Gangstar Rio: City of Saints Review

There are two ways to look at Gangstar Rio: City of Saints. One is to look at it as a serious game, and by doing so you will find it to be a shameless copycat of the Grand Theft Auto series, with a needlessly raunchy story. The other is to see it as a farce, assuming it is intentionally tasteless, but as detailed as an open-world game will get for iOS. Gangstar Rio is undeniably an expansive game with lots to do and many places to see, which also opens it up to lots of areas for improvement.

If you’ve played any recent Grand Theft Auto games, then nothing in Gangstar Rio will be unfamiliar to you. To those of you new to the driving, open-world genre, all you need to know is that an entire city is open to you. Buildings offer various purposes: shops to buy weapons or clothing, garages to fix vehicles, or even property to purchase and expand your empire.

Rather than running from place to place, you have a smorgasbord of vehicles available to you. All you need to do is steal them. Jeeps, sports cars, motorcycles, even boats and jet skis are all yours for the taking. Driving is done by tilting your device and pressing the brake or gas pedals on your screen. In a very clever move, Gameloft has allowed you to play your music library through your vehicle’s radio.

Say hello to my little friend.

A large cast of characters will fill this city as well. You play as Angel, a notable member of the Assassinos, a Latin gang with vast influence. However, Angel makes a dumb move when he thinks he can quit a life of crime and settle down with his heavily-tattooed girlfriend. We won’t spoil it here, but we’ll say it doesn’t end well and Angel is forced to start over. Most of the missions you take will involve learning more about who is responsible for Angel’s ‘going away party.’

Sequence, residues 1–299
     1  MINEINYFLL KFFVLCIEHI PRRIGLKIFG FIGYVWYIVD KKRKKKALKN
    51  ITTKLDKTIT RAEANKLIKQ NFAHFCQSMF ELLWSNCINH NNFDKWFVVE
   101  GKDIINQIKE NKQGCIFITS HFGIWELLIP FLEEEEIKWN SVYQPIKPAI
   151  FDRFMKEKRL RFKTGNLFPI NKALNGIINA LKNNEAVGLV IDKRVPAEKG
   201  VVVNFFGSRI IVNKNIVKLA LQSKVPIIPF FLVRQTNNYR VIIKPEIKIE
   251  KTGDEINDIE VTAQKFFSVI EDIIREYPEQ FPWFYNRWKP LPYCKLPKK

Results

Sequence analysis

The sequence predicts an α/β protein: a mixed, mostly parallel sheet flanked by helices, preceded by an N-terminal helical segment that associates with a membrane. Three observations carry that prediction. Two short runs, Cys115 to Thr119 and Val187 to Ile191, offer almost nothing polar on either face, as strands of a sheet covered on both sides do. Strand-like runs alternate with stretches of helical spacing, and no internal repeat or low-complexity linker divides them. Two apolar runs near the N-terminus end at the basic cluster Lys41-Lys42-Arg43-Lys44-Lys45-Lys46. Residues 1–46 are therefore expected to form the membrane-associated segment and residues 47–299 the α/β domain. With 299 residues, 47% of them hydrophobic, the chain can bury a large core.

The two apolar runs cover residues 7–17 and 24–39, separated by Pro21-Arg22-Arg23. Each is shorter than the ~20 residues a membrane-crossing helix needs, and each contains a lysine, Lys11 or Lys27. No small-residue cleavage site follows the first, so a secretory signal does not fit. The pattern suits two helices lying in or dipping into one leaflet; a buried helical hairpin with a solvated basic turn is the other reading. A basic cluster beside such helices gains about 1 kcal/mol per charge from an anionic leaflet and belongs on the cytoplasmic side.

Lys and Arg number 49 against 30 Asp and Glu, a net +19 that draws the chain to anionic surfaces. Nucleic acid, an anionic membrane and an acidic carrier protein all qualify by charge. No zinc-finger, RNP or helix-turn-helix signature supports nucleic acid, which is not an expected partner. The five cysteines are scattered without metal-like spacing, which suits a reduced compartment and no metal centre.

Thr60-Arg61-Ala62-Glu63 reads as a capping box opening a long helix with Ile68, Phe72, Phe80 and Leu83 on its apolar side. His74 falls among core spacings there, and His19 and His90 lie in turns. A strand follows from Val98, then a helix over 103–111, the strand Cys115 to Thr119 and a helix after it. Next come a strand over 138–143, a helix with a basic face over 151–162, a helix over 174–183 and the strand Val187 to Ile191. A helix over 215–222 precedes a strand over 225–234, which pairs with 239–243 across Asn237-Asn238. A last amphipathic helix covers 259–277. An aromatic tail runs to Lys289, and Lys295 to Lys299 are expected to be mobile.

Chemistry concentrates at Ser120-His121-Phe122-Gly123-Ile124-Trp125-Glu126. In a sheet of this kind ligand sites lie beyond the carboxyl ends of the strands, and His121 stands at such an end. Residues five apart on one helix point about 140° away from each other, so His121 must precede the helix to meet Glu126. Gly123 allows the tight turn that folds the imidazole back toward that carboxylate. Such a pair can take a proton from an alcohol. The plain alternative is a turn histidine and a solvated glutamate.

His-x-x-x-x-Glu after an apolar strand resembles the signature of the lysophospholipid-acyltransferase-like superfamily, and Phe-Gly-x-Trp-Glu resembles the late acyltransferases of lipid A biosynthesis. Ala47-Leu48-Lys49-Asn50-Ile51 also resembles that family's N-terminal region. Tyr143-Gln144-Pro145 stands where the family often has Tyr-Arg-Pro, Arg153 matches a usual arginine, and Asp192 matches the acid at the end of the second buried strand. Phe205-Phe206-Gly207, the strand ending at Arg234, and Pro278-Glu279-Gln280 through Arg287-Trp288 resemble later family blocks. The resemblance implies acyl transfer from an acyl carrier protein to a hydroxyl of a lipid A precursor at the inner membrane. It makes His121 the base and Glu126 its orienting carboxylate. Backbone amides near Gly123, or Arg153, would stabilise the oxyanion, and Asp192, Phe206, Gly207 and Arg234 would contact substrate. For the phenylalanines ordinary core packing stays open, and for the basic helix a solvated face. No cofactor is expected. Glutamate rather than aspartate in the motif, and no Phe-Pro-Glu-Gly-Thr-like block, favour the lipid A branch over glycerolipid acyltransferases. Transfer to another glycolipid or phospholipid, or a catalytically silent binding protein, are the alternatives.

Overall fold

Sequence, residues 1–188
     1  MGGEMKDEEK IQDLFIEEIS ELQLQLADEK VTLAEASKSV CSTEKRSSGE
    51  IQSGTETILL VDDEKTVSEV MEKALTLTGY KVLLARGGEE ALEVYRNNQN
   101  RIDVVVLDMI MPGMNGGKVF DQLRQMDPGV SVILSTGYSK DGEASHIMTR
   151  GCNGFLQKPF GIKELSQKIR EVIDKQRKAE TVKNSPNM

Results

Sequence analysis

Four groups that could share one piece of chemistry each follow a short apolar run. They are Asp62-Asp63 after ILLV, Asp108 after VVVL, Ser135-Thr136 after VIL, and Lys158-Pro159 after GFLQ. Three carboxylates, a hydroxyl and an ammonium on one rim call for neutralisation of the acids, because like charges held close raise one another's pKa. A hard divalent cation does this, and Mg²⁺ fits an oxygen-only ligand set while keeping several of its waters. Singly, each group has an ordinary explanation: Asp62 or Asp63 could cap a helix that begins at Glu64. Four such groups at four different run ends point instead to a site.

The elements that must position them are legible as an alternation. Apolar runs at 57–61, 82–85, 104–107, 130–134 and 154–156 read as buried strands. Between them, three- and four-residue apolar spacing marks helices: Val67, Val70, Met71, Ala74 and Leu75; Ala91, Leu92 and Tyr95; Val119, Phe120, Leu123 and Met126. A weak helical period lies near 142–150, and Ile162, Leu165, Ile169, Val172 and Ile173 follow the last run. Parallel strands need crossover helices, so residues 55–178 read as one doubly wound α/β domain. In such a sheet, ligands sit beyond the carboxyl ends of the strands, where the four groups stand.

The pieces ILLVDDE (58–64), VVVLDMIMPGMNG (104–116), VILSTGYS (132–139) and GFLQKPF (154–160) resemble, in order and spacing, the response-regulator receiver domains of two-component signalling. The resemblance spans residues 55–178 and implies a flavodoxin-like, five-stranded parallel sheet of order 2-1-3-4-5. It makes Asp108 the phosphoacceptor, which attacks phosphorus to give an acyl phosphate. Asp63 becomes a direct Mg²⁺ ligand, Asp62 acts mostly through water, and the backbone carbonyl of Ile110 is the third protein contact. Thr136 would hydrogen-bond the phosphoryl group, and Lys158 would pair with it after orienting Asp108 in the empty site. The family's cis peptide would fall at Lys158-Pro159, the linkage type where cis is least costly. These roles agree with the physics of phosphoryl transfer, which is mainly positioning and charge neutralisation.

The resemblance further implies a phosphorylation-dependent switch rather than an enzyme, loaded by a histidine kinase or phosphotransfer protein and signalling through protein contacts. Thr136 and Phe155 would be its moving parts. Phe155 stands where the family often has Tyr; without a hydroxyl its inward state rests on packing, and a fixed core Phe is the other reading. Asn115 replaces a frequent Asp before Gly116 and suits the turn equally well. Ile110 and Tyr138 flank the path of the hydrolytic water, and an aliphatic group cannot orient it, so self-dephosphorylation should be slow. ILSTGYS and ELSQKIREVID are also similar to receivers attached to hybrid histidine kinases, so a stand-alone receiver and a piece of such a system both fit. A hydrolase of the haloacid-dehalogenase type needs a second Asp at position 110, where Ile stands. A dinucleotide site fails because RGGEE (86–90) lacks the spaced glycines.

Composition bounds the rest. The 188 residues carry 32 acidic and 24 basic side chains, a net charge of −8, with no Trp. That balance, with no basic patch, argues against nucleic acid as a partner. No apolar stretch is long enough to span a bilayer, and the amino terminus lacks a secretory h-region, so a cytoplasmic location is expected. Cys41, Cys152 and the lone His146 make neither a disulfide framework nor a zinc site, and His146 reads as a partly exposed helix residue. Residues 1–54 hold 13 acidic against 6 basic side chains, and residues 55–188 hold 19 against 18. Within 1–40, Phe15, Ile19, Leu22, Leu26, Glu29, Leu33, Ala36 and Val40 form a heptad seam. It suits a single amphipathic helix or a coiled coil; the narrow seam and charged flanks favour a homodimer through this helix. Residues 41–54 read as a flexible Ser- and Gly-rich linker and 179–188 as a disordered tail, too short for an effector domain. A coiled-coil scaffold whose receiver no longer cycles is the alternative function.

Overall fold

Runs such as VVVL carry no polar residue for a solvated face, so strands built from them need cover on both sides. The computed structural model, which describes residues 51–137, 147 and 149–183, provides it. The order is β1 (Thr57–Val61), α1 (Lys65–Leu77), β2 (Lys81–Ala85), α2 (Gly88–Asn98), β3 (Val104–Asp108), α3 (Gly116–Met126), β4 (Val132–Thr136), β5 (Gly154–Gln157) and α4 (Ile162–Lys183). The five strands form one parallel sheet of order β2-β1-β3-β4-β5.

Other missions involve rescuing women from rapists, attacking a snitch outside of a porn shop, and scaring district attorneys with wild driving. Clearly, this isn’t a game for the young or easily offended. Nearly all of the cutscenes in the game involve coarse language and sexual remarks, so parents beware.

It’s easy to find the flaws in Gangstar Rio. The graphics aren’t exactly up to par with other modern games on the App Store. When speeding down city streets, you can often see buildings being rendered just before you pass them by. The combat system is also buggy. You’ll regularly be frustrated when trying to punch your enemies, because it’s easier to hit the air in front of them than actually land a blow. Finally, the missions aren’t even close to original. You’ll spend most of your time driving to a location, beating up some jerk, and then driving away.

Avoid crashing into religious iconography.

Since this is the third Gangstar game, Gameloft has been able to add some new elements to improve the franchise. The best new feature is the reputation system, which allows you to level your character to improve his stats. Every criminal action you perform–running down pedestrians with your car, for instance–earns you reputation points, similar to experience points. Once you level up, you gain points you can spend to increase your health, driving ability, combat, and several other abilities. This will encourage you to play more than the story missions and venture out into the city.

For those players on the go, Gangstar Rio is mobile-friendly. While Grand Theft Auto may have required you to drive around the city to reach your destination before even starting a mission, Gangstar Rio allows you to select a mission on the city map and instantly begin the mission. This will save you tedious driving time and let you really dive into the game.

Gangstar may not be for everyone, and its adult themes may induce eye rolling at times, but you can’t deny you’re getting your money’s worth here. There are a good deal of missions and side missions, but sometimes it’s fun just to drive around and jam out to your iPod. It’s important to take the warning screen at the beginning of the game seriously. This is an adult game with mounds of vulgarity that even someone with the dirtiest of minds and mouths will find unnecessary.

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